Wednesday, August 20, 2008

No Mortgage, No HELOC, Next No Credit Cards

During the bubble it seemed like anyone could get any kind of mortgage. But the bubble burst and the exotic mortgages disappeared. Then lenders started shutting down or reducing HELOCs. Now comes a report that lenders will have to start trimming some of our credit card debt. The never ending limits of $40,000 to over $100,000 of credit card debt is not sustainable. What?

It does not matter that large credit card debt was never sustainable for the customers, this Fortune CNN Money report illustrates how it is not sustainable for the lenders. So changes will be made. Credit cards shall be cut and/or limited. The article titled The Next Credit Crunch illustrates how the problems are emerging in the credit card industries. Lets take a look -

That conclusion comes from the latest data on credit card debt. It's growing fast, but the problem is bigger than that - and to understand what it means, we have to take a few steps back.

That's where the credit card reports come in. Last year, just as the subprime crisis happened, credit card debt took off. The home-equity ATM had been shut down, so people turned to the last source of easy money they had left, the most expensive debt on the menu, credit card borrowing.

Since credit card debt has been growing much faster than the economy - more than 8% in last year's third and fourth quarters and over 7% in May (the most recent month reported)- people are apparently using it as a substitute for income. Thus, for the past year or so we have still maintained the standard-of-living illusion.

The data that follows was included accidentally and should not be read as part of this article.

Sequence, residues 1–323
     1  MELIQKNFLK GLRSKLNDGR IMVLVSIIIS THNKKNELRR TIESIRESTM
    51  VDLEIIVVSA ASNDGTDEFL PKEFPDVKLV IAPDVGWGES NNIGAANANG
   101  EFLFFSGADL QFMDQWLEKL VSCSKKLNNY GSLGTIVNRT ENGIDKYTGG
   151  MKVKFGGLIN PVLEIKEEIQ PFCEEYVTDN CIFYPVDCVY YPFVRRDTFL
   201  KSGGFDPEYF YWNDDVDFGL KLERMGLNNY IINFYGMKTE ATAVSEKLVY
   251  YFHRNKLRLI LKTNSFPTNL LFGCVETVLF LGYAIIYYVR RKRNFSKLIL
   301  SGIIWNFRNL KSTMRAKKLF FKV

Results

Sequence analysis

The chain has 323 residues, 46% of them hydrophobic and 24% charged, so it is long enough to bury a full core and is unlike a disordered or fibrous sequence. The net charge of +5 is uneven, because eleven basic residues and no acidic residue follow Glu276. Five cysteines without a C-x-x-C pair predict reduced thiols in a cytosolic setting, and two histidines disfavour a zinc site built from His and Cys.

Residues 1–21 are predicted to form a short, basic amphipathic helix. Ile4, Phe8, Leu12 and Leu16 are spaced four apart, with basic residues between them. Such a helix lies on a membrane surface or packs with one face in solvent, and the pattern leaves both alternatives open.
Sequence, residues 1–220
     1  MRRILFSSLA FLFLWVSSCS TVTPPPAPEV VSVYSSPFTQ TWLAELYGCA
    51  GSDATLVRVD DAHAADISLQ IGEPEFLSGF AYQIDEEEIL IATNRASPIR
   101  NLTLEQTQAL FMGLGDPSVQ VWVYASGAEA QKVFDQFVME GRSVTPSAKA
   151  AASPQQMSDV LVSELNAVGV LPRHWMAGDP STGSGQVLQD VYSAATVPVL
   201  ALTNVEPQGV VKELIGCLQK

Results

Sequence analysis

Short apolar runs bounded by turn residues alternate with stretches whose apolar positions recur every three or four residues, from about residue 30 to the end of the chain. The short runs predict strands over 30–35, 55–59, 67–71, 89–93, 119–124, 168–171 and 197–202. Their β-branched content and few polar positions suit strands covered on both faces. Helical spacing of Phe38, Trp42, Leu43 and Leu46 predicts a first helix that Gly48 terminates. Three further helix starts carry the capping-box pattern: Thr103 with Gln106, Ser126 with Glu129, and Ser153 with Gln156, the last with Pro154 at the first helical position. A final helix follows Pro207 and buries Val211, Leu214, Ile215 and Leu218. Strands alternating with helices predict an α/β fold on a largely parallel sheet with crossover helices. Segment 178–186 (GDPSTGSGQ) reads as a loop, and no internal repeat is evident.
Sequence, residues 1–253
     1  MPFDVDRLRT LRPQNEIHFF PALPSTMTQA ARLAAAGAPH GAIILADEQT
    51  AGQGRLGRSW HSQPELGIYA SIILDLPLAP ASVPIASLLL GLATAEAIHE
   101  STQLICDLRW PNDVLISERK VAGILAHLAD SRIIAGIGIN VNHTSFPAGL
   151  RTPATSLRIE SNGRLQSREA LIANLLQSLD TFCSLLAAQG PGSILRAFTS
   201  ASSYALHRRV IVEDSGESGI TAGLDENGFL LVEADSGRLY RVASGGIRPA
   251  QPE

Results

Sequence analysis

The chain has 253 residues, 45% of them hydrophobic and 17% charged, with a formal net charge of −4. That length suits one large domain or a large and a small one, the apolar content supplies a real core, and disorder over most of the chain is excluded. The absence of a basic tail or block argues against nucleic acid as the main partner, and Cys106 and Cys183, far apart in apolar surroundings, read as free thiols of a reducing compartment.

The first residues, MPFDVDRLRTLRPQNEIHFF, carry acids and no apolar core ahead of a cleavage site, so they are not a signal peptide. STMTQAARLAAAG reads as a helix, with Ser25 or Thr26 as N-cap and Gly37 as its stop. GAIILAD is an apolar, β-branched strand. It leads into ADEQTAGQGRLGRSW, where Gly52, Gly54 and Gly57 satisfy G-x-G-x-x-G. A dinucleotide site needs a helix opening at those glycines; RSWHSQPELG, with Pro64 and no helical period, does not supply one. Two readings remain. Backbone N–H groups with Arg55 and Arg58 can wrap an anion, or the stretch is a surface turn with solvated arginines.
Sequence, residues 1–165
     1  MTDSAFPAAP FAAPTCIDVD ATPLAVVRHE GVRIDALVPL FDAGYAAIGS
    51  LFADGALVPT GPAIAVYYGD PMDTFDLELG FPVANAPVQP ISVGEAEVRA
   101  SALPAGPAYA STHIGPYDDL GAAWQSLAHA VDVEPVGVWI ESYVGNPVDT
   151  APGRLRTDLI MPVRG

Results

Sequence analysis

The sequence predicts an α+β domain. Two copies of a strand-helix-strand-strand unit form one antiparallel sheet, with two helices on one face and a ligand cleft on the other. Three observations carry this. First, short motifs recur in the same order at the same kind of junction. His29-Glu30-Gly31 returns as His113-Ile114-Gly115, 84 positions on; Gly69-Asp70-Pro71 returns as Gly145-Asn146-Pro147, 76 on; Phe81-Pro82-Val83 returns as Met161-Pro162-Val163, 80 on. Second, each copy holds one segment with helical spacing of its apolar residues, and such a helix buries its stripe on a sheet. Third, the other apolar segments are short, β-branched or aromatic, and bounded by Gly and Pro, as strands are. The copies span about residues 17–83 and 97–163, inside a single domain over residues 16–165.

But a big crunch is coming - and here's why. Credit card debt, like mortgage debt, gets bundled, securitized, and sold off by banks. Citigroup (C, Fortune 500), one of America's largest credit card lenders, just reported that it lost $176 million in the second quarter through securitizing such debt. That happens when the buyers of those securities observe rising delinquency rates and rising interest rates, and decide the debt is worth less than Citi thought. More generally, the amount of credit card debt that is securitized nationwide has plunged by more than half in the past five months because it's getting riskier. That means credit card issuers will be charging customers higher interest rates, and since the banks can't offload as much of the debt as before, they'll have less money to lend to cardholders.

It may be that the standard-of-living bubble finally has to deflate. Sustainable increases in living standards have to be earned, not borrowed, and that means performing ever higher value work that can't be outsourced. We haven't been meeting that challenge very well; doing so will probably require much more and better education for millions of Americans, which takes time and money.

There may be some problems with the credit lines closing - many of them are already filled up. Unlike equity lines where people may be planning big projects or big pay-offs of other debt, credit cards are use for day to day transactions that can fill up a credit card fast. During the bubble it became very common for people to pay off their credit cards with their home equity, then run the charges right back up again. Now with HELOC lock-downs many people are just getting another credit card to max out. These changes will have to be internalized.

It sounds as this is not an if, rather a when. It probably is already happening but lenders are using other excuses - like a missed payment somewhere else. But when it starts happening to large swaths of the upper-middle-class we will probably see article after article of upset consumers.

1 comment:

Anonymous said...

Dopey homedebtor zombies in for a nightmare as the free money dries up and the life style goes into the tank. lol!

Go out get a job and work for a living and find out how hard it is to save 10,000.